15. A method of cutting a minute design in the surface of a gem comprising grinding a hard powder between the gem and the minute end surface and the lateral surface of a laterally resistant tool while constantly rotating the tool unidirectionally and at high speed, so utilizing all of the end surface which is perpendicular to the axis of rotation, and pantographically moving said tool laterally with respect to that axis and in a path over a minute area, and manually controlling the position of the tool along the axis thereof'during the cutting of the gem.

JOSEPH BAUMGOLD.

Referenced by
Citing PatentFiling datePublication dateApplicantTitle
US2445934 *Nov 3, 1942Jul 27, 1948Jr Albert G BodineMethod and apparatus for cutting into the surface of an article
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US4693645 *Jun 30, 1986Sep 15, 1987Ingomar KjeldsenThree-dimensional duplicating milling machine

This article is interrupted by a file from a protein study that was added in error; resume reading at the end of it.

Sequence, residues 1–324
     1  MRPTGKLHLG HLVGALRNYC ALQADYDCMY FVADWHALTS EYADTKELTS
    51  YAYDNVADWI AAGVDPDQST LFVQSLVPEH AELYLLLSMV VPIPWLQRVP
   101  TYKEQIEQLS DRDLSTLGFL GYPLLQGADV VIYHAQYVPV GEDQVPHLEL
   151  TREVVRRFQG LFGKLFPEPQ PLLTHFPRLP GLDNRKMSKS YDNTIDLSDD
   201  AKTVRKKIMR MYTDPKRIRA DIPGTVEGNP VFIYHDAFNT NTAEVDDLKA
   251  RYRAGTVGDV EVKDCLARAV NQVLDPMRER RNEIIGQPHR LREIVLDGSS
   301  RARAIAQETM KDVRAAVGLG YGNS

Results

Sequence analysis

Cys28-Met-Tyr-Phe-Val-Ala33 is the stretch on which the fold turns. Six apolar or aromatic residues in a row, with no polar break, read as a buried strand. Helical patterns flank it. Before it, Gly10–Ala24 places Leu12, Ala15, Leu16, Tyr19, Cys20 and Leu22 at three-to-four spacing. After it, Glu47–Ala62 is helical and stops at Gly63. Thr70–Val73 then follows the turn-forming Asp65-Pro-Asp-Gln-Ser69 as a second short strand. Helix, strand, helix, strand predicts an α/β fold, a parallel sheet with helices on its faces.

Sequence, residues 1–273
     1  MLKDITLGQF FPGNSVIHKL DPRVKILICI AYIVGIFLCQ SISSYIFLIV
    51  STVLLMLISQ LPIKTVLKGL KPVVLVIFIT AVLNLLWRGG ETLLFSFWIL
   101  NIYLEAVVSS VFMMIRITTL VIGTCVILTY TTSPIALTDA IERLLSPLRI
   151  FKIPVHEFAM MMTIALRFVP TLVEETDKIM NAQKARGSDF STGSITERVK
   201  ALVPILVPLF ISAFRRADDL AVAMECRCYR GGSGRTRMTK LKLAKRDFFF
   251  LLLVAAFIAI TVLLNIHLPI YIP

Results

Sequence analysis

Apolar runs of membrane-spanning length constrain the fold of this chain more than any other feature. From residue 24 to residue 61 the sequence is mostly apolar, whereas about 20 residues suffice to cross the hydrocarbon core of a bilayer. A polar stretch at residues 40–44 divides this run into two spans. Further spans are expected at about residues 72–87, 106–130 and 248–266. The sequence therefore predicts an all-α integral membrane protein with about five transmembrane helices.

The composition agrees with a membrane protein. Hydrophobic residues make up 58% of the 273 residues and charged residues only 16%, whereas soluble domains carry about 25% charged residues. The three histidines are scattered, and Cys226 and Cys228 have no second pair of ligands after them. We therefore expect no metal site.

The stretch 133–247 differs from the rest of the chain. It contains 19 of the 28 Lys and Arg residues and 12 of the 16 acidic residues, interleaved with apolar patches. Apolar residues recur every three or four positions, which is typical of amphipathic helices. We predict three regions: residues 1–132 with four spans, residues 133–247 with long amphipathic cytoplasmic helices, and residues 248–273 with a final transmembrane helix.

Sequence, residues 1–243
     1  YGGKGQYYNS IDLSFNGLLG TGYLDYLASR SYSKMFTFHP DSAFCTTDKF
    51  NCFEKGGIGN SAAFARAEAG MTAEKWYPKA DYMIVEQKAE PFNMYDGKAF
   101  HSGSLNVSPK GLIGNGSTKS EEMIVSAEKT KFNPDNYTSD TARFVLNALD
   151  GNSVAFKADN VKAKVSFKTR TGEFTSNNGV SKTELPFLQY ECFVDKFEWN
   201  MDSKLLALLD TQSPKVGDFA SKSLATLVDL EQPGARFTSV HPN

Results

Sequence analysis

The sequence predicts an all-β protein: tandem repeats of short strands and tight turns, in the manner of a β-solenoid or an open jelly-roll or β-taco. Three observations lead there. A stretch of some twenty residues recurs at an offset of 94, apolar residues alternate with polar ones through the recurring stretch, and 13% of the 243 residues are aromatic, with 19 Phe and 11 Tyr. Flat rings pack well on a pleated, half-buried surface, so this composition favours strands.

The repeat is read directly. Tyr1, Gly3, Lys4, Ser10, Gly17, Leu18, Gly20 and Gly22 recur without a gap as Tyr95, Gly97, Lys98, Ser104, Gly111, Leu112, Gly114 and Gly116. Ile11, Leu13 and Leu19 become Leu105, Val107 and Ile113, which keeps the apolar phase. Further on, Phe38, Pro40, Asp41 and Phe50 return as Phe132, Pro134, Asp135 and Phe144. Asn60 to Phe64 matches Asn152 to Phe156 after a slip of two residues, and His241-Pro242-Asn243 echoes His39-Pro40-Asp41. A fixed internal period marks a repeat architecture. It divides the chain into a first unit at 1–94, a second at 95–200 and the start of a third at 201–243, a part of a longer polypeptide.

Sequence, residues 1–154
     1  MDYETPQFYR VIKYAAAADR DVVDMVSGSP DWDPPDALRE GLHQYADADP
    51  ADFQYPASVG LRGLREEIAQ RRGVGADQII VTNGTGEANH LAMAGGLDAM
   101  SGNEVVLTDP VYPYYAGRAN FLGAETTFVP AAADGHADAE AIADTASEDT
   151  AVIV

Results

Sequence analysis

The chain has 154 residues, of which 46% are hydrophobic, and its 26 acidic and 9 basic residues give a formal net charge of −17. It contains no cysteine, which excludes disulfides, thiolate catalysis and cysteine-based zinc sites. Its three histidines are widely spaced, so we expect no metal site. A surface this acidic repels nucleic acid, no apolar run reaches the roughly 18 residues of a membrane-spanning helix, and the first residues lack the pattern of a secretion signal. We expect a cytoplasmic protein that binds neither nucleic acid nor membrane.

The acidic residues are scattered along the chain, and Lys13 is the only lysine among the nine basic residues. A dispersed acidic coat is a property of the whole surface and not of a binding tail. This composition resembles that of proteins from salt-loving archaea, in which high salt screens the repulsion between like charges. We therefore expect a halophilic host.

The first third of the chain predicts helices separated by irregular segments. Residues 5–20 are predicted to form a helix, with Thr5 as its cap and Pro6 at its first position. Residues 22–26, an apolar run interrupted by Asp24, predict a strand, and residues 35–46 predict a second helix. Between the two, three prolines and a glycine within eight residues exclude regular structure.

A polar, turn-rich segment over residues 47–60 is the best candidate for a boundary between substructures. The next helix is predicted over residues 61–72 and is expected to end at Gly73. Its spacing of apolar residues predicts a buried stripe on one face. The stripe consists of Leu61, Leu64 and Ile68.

US5573684 *Sep 29, 1994Nov 12, 1996Harry Winston, S.A.Methods for producing indicia on diamonds
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US7655882Mar 14, 2006Feb 2, 2010Lazare Kaplan International, Inc.Microinscribed gemstone
US7915564Sep 4, 2007Mar 29, 2011Lazare Kaplan International, Inc.Laser marking system
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Classifications
U.S. Classification125/1, 125/30.1, 451/238, 409/86, 82/904
International ClassificationB44B3/00
Cooperative ClassificationY10S82/904, B44B3/002, B44B3/005
European ClassificationB44B3/00C, B44B3/00B2